To highlight that, I often share “the best speech you never heard” from that day–the original text of the speech John Lewis intended to give. John Lewis is a member of the House of Representatives, a passionate advocate of human rights, and a hero of mine. But back in 1963, he was a 23-year-old a leader in SNCC, and the youngest person to speak on the stage that day.

Lewis and other SNCC leaders collaborated to write his speech. Because of its incendiary tone and confrontational stance, Lewis was pressured to tone it down. You can read the text of the speech he did give that day here. Below is the text of the original speech:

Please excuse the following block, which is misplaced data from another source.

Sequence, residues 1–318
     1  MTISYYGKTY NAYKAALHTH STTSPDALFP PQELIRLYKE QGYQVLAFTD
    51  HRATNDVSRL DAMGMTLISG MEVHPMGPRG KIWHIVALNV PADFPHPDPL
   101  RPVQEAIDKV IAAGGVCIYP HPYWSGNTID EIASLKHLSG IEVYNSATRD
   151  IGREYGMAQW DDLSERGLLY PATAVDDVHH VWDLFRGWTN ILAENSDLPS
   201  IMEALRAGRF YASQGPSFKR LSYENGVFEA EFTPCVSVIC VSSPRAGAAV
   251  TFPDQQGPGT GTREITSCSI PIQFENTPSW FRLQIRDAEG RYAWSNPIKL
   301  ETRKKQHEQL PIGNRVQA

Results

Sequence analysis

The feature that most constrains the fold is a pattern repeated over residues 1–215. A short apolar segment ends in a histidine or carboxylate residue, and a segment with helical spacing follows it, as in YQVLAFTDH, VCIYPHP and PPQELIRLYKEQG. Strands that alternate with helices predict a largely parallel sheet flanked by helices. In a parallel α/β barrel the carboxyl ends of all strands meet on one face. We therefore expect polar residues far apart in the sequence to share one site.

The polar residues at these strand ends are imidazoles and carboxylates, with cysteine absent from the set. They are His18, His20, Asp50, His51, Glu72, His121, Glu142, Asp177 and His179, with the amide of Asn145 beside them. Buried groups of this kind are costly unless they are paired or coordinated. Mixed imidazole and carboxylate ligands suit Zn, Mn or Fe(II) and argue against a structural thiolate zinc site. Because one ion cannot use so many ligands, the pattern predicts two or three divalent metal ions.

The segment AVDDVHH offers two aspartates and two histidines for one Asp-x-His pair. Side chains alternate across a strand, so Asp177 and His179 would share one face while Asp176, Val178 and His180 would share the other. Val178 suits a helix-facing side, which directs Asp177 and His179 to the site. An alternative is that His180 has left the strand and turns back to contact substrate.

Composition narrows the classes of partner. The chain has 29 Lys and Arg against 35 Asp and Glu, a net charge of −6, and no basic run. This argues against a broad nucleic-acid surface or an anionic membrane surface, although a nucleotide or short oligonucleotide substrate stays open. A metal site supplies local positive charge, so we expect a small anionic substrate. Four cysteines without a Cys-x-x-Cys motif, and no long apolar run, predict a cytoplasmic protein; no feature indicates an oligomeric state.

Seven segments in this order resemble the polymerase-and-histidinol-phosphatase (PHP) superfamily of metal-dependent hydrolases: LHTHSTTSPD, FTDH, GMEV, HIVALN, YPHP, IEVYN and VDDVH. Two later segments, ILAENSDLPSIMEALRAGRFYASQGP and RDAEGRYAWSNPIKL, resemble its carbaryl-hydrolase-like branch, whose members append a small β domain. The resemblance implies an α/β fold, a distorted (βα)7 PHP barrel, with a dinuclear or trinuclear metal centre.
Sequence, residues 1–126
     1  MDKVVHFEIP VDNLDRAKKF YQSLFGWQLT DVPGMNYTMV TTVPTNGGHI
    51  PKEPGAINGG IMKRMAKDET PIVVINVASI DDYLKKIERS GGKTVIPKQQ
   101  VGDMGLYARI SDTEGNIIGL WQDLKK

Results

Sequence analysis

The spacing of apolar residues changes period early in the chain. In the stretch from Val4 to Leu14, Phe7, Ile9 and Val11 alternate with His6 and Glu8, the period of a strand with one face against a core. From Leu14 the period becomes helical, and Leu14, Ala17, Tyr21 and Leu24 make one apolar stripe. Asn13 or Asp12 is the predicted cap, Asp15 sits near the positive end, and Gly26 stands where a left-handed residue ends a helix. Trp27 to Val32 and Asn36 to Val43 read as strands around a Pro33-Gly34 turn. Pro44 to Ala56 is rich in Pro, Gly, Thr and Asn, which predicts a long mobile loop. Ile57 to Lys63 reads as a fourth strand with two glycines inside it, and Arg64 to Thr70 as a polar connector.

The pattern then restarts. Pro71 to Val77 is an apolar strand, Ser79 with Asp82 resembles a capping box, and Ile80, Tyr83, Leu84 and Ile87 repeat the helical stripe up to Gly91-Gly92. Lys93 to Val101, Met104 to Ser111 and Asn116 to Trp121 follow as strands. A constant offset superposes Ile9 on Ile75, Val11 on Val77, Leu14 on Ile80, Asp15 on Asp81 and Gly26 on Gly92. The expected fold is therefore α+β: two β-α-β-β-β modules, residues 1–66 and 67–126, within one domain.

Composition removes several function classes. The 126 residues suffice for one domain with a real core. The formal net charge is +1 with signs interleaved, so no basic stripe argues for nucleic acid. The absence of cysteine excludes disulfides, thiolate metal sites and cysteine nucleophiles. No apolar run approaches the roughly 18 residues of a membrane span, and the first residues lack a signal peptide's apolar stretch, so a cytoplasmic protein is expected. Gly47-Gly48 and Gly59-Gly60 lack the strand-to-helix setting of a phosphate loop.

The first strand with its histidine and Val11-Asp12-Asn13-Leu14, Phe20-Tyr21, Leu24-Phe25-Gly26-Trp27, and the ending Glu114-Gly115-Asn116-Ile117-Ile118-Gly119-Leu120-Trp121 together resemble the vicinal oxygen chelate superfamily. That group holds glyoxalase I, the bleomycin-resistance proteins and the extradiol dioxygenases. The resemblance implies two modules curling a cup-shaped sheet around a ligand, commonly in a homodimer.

We march today for jobs and freedom, but we have nothing to be proud of. For hundreds and thousands of our brothers are not here. They have no money for their transportation, for they are receiving starvation wages…or no wages, at all.

In good conscience, we cannot support the administration’s civil rights bill, for it is too little, and too late. There’s not one thing in the bill that will protect our people from police brutality.

This bill will not protect young children and old women from police dogs and fire hoses, [for] engaging in peaceful demonstrations…

The voting section of this bill will not help thousands of black citizens who want to vote. It will not help the citizens of Mississippi, of Alabama, and Georgia, who are qualified to vote, but lack a 6th Grade education. “One man, one vote,’ is the African cry. It is ours, too. (It must be ours.)